Library collections supporting professional education were examined using a business collection as a prototype. The coexistence of professional and academic materials within the library collection was determined before an examination of patron use for each component was conducted. In addition to measuring potential use of library materials during their first three years on the shelf, the researchers compared relative patron use of academic and professional books during a maximum of nine shelf years. The researchers tested the hypothesis that, because of their nature and content, professional books would become obsolete before academic books.
The number of science journals that, focus explicitly on European research is increasing. These Eurojournals are compared with individual national and international titles. Their success is gauged, and their remaining shortcomings discussed. As they earn the loyalty of the best European contributors, they provide Americans with an attractive alternative to a large assortment of foreign subscriptions.
Functions and concerns of the Office for Descriptive Cataloging Policy at the Library of Congress are explained. The office answers questions about cataloging rules and interprets them for its staff and for others outside the library through correspondence, telephone calls and person-to-person discussion, and documents decisions in the form of rule interpretations. In addition, it maintains documentation of procedures for its own operations as well as for the tables eventually issued as ALA/LC Romanization Tables.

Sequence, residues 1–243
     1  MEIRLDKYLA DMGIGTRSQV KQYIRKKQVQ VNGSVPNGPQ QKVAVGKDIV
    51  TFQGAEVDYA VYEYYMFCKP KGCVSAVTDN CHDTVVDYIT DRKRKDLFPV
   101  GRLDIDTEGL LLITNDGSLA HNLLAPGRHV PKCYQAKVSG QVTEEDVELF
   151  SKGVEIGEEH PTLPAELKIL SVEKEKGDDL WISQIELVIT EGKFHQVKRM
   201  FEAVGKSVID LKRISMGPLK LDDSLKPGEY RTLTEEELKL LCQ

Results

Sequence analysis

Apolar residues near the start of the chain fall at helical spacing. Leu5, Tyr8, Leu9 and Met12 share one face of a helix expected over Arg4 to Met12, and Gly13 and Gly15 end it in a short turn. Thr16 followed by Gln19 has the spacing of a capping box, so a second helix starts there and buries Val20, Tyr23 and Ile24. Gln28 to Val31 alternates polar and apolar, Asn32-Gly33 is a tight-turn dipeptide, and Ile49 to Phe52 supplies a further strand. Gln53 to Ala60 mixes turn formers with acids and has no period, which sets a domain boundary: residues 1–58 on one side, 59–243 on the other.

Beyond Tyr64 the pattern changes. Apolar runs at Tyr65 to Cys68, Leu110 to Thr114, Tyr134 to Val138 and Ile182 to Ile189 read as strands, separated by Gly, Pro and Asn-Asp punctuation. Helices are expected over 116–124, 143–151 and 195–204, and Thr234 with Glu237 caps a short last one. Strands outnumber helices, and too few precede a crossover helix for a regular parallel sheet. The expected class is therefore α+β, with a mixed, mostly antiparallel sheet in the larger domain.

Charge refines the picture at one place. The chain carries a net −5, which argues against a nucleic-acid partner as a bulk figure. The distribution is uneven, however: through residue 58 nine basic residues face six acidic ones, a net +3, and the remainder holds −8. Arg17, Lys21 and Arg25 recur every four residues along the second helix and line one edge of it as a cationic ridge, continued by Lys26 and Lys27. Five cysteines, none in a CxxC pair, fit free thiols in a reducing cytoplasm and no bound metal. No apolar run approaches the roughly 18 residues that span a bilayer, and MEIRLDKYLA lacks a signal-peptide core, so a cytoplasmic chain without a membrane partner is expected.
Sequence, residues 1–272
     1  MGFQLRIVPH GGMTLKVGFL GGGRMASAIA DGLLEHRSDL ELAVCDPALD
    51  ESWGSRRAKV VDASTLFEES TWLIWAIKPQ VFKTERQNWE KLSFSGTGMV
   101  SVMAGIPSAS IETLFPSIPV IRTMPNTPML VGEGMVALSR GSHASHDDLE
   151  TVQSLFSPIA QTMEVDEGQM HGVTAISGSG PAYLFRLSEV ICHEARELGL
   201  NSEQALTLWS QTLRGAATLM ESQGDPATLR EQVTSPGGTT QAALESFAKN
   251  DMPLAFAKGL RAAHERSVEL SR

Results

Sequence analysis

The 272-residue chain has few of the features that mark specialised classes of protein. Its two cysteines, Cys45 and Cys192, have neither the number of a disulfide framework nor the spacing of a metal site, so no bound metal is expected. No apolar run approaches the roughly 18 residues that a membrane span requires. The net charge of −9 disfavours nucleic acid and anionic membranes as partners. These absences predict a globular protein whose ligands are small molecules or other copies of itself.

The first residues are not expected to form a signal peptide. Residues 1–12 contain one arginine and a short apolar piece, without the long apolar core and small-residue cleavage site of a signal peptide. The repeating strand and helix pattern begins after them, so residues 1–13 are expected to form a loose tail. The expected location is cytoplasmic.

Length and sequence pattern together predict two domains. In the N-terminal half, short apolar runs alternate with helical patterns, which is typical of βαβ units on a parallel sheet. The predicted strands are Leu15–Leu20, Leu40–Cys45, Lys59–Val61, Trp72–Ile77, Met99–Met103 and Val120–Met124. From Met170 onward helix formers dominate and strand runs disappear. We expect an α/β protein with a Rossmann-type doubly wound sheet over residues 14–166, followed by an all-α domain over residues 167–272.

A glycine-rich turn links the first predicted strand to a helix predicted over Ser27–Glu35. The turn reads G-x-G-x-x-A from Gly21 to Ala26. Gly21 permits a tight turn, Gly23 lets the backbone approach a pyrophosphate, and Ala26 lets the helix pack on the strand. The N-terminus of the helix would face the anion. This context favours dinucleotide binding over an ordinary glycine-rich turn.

The author reviewed a wide range of retrieval problems that arose in connection with the implementation of the NOTIS system at Auburn University, especially the problem of retrieving uniform titles coded as if they were authors. Though NOTIS programming subsequently was altered to cause these access points to index twice -- once in the author index and again in the title index -- it might be more appropriate to consider whether changes are needed in the underlying format so that there is a universal solution to this potential retrieval problem.
An investigation of the subject heading and classification practices in several Boston art libraries for books of scientific illustration. As an art historian and current student of librarianship, the author asks whether art libraries recognize scientific illustration as art, and if so, if this recognition is given expression through classification numbers and subject headings as an art historian might anticipate.
A discussion of the management predicaments encountered in decision making for a very small school library and the reasons procedures recommended in the literature may not be applicable. The author explains procedures for implementing an online circulation system in this setting.